How exactly does options leverage work?
Options produce options leverage as every contract represents a unit of the underlying asset while costing only a fraction of the price. This allows options traders to control the exposures on the same number of assets but at a much lower cost.
In this short example below, we demonstrate how an American Option works, the same as in the FinNexus Protocol for Options v1.0.
Here’s an Options Leverage illustration:
Assuming you have $1000 and wish to invest in ETH. ETH is trading at $2000 while its $2000 strike price call option is asking for $100. In this case, you could simply buy ETH with all your money and own 0.5 unit of ETH or you can buy 10 contracts of $2000 strike call options on ETH which tracks 10 ETH! With the same amount of money, you can control 20 times more ETH exposure than you normally can by buying ETH. That’s one way of how the options leverage works in options trading.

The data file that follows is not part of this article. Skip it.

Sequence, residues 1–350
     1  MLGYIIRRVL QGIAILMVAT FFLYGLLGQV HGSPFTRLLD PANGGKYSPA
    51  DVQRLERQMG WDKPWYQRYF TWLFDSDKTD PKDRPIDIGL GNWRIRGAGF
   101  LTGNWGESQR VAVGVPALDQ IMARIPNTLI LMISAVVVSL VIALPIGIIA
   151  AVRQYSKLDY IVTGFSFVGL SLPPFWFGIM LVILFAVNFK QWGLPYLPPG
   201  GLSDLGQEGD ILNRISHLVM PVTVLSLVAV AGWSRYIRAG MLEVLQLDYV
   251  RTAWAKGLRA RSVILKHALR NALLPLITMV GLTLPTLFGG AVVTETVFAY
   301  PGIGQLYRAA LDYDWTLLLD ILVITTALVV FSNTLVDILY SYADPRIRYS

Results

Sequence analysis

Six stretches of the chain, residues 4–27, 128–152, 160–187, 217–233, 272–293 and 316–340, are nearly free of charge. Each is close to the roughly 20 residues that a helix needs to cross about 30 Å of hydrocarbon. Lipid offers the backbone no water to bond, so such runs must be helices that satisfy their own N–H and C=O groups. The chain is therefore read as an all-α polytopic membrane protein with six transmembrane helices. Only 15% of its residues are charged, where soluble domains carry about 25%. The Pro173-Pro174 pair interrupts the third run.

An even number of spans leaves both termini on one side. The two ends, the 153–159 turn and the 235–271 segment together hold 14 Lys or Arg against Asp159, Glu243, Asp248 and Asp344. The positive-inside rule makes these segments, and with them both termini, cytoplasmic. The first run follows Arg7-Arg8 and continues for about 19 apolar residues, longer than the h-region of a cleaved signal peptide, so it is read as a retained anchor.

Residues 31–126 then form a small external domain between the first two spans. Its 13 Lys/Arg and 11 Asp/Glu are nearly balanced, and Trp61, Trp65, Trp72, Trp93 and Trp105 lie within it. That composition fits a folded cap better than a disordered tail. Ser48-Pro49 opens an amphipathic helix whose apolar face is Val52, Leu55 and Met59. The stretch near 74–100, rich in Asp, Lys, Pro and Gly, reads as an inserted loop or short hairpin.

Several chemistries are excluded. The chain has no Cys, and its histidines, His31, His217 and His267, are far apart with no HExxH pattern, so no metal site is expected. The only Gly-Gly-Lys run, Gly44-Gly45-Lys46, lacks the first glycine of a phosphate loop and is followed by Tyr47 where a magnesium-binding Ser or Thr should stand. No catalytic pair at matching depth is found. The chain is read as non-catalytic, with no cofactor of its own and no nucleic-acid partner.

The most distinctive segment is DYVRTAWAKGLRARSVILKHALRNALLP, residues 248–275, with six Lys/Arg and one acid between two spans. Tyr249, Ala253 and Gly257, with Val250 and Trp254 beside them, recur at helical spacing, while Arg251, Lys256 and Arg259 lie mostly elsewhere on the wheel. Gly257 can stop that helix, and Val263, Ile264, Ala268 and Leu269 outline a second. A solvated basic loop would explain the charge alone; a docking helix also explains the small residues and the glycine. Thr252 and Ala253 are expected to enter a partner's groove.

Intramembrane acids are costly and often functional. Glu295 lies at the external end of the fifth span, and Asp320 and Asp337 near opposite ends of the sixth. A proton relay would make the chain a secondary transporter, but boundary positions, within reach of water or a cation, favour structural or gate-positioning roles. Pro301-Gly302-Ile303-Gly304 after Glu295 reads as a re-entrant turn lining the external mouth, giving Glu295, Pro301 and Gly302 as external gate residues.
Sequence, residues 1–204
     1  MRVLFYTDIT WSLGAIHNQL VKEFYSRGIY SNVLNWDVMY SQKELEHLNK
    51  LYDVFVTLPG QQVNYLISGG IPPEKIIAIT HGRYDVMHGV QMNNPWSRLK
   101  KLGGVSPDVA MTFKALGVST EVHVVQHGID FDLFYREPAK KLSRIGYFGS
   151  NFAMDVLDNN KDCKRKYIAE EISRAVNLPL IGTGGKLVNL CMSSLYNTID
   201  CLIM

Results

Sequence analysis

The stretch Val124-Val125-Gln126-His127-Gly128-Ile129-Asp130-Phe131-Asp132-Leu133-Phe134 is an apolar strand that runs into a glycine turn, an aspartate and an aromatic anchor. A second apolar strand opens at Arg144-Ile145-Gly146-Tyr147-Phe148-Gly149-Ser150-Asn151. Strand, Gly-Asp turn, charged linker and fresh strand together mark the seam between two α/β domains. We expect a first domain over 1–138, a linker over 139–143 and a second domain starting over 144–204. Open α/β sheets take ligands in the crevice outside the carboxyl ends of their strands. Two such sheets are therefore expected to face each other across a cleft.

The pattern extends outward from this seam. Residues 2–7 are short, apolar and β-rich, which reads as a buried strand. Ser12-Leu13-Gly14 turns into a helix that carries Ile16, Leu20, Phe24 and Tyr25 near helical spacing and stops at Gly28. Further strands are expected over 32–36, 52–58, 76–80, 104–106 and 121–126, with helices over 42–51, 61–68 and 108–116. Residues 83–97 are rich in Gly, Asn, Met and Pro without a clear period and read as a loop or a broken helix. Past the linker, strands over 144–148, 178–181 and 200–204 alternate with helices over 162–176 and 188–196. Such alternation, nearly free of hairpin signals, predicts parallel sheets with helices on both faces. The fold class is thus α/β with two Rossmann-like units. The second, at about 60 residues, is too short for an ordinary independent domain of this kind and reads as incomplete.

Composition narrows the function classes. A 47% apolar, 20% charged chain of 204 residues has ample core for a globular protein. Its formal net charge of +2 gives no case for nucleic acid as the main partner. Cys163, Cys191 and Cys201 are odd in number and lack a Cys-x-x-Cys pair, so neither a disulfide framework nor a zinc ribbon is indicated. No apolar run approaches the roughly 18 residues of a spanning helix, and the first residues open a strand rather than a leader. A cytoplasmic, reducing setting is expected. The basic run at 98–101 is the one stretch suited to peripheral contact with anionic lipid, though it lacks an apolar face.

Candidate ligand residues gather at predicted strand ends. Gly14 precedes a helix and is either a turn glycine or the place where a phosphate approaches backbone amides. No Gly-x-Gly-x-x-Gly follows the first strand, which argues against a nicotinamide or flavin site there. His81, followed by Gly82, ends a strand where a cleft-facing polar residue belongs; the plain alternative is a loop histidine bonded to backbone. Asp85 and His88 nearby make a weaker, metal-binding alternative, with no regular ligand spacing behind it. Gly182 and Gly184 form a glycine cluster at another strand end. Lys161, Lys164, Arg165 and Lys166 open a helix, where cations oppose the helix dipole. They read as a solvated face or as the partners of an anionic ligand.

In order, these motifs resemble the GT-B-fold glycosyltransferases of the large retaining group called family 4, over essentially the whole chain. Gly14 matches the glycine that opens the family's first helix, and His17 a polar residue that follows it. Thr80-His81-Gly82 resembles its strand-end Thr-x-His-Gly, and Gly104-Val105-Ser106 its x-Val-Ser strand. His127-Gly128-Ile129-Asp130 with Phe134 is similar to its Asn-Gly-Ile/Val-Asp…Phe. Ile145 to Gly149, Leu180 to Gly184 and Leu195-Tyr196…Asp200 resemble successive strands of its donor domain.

Following the example above:
If the ETH price grows by 20% to $2400, if you are holding 0.5 units of ETH, then your profit in USD would be $200.
However, if you are holding 10 calls on ETH, by exercising the call, your profit is 10*(2400-2000)-1000=$3000. The rate of return is 3000/1000*100%=300%. The actual leverage in return is 300%/20%=15x.
You are automatically exposed to a leveraged position by holding a call.
If the ETH price grows by 10% to $2200, by exercising the call, your profit is 10*(2200-2000)-1000=$1000. The rate of return is 1000/1000*100%=100%. The actual leverage in return is 100%/10%=10x.
If the ETH price grows by 30% to $2600, by exercising the call, your profit is 10*(2600-2000)-1000=$5000. The rate of return is 5000/1000*100%=500%. The actual leverage in return is 500%/30%=16.67x.
You see the real leverage is not a fixed amount and changeable according to the price movement of the underlying assets.
Please check here for calculation.